Designing with Purpose: Why We Build with Mass Timber

Historically, sauna traditions have been crafted from the materials that surround them – wood from local trees, stones from local soils, water from nearby sources. 

But these days, saunas are typically built with commodity building materials that have little to do with their location. Mass timber is helping us return to that more sustainable tradition, and inspiring a beautiful modern design language at the same time.

Mass Timber, also known as CLT or cross-laminated timber, is changing the way we think about sauna and more specifically, sustainability, in modern construction. “CLT provides an alternative to light frame construction that sequesters carbon and reduces our environmental impact,” says Joel Vikre, co-founder of Cedar and Stone.

CLT is composed of farm-grown, fast-growing timbers sourced from sustainable forests in North America.  The panels we use are made primarily from Black Spruce. These forests have been thriving over the past 50 years, absorbing carbon dioxide, releasing oxygen, and locking carbon within the wood fibers. 

Understanding the Environmental Impact of Mass Timber

CLT is an environmental improvement over other forms of construction in several ways. The first element to understand is embodied carbon. This is the carbon it takes to extract, manufacture, install, and eventually demolish and dispose of a product. Wood products have a leg up here because they are relatively energy efficient to produce compared to other products. In the case of a sauna, CLT is replacing other building materials with higher embodied carbon. 

The second is operational carbon. This is the amount of energy it takes to operate a building over its life cycle. Here a CLT sauna is roughly comparable to a similar stick built sauna. 

And third is biogenic carbon. This is the amount of carbon stored in the wood itself, from its harvest all the way through to the end of life of the building. This is where a CLT sauna really shines, because of the higher quantity of wood built into a lasting structure than other materials. 

A Tailored Solution for Sauna

But CLT does more for a sauna than just reducing its environmental impact. Its exceptional structural capabilities make it a great material for buildings that will be transported already assembled. Its strength also opens up design options that are hard to put into practice with other materials, such as the double overhangs featured in some of our standard models.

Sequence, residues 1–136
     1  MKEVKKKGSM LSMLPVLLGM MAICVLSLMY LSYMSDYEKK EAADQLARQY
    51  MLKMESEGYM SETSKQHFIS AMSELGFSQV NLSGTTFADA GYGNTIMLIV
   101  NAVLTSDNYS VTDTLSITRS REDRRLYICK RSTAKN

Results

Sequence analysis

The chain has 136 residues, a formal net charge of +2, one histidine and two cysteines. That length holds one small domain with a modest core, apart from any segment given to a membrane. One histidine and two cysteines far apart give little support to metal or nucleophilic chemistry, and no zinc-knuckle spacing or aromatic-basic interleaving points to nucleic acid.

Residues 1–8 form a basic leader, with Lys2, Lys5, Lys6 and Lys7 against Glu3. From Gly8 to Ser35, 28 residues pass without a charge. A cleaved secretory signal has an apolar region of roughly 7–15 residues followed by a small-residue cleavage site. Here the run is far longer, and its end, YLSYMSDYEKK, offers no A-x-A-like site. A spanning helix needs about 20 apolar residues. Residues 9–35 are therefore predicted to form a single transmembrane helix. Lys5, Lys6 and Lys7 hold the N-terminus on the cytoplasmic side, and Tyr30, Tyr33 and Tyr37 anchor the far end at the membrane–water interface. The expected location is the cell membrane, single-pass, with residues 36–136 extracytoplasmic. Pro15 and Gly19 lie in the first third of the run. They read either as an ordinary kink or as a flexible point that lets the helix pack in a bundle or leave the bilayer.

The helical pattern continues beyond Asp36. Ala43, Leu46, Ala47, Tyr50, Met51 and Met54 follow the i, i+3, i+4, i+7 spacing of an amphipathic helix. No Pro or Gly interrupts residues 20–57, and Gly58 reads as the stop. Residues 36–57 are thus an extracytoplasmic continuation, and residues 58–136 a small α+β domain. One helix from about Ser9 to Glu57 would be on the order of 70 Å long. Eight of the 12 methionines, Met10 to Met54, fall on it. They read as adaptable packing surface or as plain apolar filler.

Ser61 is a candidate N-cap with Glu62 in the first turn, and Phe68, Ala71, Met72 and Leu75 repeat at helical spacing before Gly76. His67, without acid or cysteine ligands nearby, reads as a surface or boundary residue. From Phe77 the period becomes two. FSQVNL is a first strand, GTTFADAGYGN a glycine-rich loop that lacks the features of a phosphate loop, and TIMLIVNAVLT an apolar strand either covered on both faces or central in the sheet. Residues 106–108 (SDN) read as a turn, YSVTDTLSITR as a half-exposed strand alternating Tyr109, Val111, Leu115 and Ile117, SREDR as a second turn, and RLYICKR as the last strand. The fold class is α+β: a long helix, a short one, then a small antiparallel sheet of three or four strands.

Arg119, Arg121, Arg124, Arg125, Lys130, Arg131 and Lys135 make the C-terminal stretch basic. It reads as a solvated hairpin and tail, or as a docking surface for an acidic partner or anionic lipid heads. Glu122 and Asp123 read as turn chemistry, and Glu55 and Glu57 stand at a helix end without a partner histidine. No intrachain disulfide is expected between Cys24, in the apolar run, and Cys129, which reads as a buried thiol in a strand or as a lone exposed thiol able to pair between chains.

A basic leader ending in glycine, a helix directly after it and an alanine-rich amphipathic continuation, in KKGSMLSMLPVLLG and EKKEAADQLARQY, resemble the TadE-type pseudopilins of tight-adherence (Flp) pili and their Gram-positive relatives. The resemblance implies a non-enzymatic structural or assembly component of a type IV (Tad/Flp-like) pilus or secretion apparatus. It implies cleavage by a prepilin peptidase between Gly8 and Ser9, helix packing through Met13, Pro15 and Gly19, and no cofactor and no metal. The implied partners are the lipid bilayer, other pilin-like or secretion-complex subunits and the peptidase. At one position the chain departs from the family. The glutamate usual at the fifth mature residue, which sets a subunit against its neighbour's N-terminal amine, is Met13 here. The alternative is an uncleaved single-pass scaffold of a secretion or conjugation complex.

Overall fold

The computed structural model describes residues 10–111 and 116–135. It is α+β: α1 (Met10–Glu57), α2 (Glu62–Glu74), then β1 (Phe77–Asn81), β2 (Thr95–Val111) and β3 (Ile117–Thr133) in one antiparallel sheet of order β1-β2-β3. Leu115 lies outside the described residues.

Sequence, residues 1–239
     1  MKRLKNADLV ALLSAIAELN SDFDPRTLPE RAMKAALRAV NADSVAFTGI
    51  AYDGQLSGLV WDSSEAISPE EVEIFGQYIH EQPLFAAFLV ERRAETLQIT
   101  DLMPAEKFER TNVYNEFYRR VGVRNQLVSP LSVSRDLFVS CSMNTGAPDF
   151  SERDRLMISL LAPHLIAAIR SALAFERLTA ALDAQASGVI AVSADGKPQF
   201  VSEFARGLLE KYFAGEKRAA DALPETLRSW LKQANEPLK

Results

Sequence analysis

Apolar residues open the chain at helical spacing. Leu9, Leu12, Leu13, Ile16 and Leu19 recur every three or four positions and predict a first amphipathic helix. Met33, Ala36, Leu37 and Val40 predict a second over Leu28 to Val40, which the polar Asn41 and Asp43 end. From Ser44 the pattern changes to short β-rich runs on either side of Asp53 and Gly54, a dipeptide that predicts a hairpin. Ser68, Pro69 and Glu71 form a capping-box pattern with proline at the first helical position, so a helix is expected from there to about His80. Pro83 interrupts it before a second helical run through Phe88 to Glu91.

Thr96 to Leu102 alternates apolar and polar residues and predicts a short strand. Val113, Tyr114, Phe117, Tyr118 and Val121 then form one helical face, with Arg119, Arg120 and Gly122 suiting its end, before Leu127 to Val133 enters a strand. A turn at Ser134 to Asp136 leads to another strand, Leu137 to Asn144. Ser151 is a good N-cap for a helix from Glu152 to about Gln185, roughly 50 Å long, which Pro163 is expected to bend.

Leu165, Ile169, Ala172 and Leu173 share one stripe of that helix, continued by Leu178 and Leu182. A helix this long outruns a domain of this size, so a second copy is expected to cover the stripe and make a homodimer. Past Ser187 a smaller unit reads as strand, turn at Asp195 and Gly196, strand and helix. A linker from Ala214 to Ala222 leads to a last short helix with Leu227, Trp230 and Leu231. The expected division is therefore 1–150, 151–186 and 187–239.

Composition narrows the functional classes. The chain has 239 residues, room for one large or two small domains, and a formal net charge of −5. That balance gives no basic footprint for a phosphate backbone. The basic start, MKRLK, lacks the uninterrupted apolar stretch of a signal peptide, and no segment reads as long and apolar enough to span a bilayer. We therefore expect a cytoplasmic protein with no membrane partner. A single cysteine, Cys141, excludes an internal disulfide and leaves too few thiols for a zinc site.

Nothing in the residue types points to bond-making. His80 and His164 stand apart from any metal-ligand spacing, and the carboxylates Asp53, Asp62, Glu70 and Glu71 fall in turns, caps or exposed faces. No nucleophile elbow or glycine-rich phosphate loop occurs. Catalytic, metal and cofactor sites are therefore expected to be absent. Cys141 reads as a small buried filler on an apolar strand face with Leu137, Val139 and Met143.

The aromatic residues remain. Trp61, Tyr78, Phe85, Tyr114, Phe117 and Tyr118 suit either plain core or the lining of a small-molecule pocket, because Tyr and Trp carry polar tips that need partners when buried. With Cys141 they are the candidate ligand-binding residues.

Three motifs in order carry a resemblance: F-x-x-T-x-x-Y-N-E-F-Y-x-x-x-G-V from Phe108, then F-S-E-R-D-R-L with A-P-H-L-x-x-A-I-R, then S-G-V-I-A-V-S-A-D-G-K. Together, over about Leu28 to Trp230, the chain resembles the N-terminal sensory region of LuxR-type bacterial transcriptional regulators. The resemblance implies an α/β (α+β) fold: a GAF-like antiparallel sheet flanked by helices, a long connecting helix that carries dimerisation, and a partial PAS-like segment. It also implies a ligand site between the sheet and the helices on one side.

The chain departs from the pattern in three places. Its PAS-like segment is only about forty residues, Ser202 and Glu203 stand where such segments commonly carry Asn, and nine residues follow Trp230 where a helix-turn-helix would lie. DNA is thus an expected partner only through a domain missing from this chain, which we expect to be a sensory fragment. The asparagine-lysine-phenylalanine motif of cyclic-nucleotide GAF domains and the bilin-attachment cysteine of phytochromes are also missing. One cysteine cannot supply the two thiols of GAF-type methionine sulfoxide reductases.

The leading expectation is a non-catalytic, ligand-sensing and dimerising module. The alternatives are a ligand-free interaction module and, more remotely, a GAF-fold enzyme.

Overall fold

CLT’s  thermal mass is another advantage. “CLT is kind of a magical material because it absorbs and radiates heat slowly, creating a nice even heat,” shares Joel Vikre.

Lastly, CLT is a great material for moisture management. “With CLT we can build a wall assembly that doesn’t have any impermeable vapor barriers, which means it can dry out. So, in terms of longevity it’s going to make us a longer-lasting wall assembly that’s not as vulnerable to moisture,” says Vikre.

Pioneering Uses of CLT

We take pride in being pioneers in the use of cross-laminated timber for small buildings and saunas in North America. But we didn’t start blind. Beginning from European applications of the material, we built and tested CLT in commercial settings before making it available to our customers. We have several CLT saunas and other small buildings, including instrumented test saunas, in heavy commercial operation to this day.  We even have a sauna barge on Lake Superior with CLT walls. 

Not only are these buildings wearing well, they are a pleasure to be in. “Mass Timber creates sustainable, long-lasting spaces that benefit both the environment and ultimately, our clients,” shares Justin Juntunen, CEO and Co-Founder of Cedar and Stone Nordic Sauna.

“We’re a stress-destroying company,” said Juntunen. “And we also want to build as sustainably as possible. Our customers want something beautiful and they want saunas produced in America. We’re trying to create a vertically integrated system with locally sourced materials.”

Mass Timber is not merely a sustainable choice; it embodies a commitment to a greener future while enhancing the quality and longevity of our structures. Embracing this innovative material is one of the ways we are paving the way for a sustainable and resilient built environment, ensuring a healthier planet for generations to come.

Check out our “Why We Build” Playlist on YouTube to learn more.

Follow along with us as we revolutionize the way we build for a sustainable future.

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